Battery H, 1st Independent PA Regiment Hospital
Battery H Hospital, located on a section of Birdseye View of Alexandria, Va. . (Pendleton Street is located at the far right.)
This section of the Quartermaster map shows a hospital and hospital tents.
Battery H today. (Image from Google Maps.)
Battery H is located at the top of the map. (Click here for a larger image.)
907 Pendleton Street
The Battery H hospital building was made of wood siding, with hospital tents behind it. Other buildings made up the compound, spreading from Pendleton to Wythe, and between N. Patrick and N. Alfred Streets. Battery H served in Alexandria from March 1863 until January 1865. Seven men of Battery H died of disease during the war.
Independent Battery H, Light Artillery, was organized in the area of Pittsburgh, PA, on August 5, 1961. The Battery was attached to the Defenses of Washington and served at Fort Barry until December, 1862. After serving in Maryland and the District of Columbia, the men were sent to Alexandria, where they served provost duty under General Slough for the duration of the war. Independent batteries did not have regimental affiliations. They mustered into the U.S. Volunteer Service and were assigned to larger units.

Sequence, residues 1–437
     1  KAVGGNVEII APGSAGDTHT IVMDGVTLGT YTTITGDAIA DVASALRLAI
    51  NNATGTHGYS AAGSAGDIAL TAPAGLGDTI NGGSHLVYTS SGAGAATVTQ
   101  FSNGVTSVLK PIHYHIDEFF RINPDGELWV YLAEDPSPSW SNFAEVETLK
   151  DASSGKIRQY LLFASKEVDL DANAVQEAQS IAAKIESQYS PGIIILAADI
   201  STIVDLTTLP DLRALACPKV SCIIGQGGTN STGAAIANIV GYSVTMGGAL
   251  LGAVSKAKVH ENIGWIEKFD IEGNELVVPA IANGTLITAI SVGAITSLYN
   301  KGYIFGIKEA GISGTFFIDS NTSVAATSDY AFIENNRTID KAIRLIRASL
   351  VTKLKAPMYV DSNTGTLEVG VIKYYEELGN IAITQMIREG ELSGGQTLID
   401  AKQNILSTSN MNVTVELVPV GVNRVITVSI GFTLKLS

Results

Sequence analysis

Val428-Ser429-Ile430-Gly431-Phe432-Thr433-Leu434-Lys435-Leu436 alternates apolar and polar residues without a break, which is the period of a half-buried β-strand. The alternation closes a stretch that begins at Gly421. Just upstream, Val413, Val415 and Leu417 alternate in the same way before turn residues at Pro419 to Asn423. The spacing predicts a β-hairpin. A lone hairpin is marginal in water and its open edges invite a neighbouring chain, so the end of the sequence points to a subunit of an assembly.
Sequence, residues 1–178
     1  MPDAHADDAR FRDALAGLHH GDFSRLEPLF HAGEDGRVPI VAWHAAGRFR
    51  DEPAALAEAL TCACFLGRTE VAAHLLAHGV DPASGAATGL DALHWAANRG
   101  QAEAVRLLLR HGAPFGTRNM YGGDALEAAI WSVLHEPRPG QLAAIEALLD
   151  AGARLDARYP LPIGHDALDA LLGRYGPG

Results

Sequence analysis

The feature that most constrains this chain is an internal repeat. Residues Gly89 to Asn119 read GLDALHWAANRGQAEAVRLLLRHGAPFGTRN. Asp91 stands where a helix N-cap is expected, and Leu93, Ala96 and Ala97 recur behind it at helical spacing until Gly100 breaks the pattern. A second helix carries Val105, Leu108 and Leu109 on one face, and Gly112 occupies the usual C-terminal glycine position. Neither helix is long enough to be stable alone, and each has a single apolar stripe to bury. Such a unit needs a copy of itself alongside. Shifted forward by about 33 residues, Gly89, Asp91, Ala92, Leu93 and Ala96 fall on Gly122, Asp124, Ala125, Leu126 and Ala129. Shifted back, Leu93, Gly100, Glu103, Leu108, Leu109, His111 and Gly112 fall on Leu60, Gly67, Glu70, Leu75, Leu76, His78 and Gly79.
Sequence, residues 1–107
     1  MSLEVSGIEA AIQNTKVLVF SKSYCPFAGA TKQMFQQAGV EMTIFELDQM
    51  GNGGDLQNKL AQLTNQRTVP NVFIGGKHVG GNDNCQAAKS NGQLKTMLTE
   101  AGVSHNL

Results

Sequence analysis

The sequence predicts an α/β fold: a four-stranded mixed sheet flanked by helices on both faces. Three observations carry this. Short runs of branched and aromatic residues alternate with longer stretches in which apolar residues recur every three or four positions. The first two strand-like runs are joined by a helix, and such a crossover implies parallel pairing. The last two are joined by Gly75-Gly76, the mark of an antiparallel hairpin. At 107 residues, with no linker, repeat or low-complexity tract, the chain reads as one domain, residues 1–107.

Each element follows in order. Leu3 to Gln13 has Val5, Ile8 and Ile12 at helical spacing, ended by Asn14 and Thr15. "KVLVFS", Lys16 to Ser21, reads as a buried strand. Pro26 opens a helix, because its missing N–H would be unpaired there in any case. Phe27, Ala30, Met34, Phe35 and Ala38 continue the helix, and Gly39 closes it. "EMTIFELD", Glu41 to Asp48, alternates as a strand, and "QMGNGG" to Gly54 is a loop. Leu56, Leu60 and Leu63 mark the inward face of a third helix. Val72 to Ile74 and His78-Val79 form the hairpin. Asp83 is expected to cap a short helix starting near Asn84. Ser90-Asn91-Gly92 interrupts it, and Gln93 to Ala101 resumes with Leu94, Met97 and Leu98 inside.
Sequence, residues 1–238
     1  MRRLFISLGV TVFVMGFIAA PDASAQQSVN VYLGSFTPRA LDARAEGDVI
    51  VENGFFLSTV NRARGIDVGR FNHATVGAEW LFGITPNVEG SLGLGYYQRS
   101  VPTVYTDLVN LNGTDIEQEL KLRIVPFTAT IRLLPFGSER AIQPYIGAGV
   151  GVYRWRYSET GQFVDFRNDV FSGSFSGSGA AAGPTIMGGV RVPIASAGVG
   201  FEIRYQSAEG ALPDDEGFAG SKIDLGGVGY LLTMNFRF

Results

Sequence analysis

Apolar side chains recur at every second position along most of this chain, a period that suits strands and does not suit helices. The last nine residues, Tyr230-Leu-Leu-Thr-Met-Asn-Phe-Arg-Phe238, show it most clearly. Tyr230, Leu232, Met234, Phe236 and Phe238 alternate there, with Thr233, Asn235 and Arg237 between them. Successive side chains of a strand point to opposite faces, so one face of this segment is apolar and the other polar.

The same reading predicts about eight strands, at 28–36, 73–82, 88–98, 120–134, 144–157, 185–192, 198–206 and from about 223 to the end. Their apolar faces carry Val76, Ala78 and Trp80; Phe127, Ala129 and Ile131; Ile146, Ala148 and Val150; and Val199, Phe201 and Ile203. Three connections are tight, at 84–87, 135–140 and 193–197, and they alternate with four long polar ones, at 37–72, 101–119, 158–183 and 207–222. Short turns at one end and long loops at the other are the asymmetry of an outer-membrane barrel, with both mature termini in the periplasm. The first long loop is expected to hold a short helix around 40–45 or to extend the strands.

- Source: CivilWarArchive.com. The source for the Civil War Archive website is Frederick H. Dyer, A Compendium of the War of the Rebellion, Part 3, The Dyer Publishing Company, Cedar Rapids, 1909. This work was compiled by a Civil War veteran from the Official Records of the Union and Confederate Armies and additional sources.
The Quartermaster map shows a hospital on Pendleton Street, with hospital tents behind it. The map also shows Sutlers private quarters and a sink (the Quartermaster's term for a privy or outhouse).
Location and the Site Today
Battery H Hospital was located at approximately 907 Pendleton Street, between Alfred and Patrick Streets. Mid-twentieth century houses, built for World War II workers, now occupy the site.
- See the location today on Google Maps.
- Click here to see the location of this hospital in relation to others, on a map prepared by Alexandria Archaeology.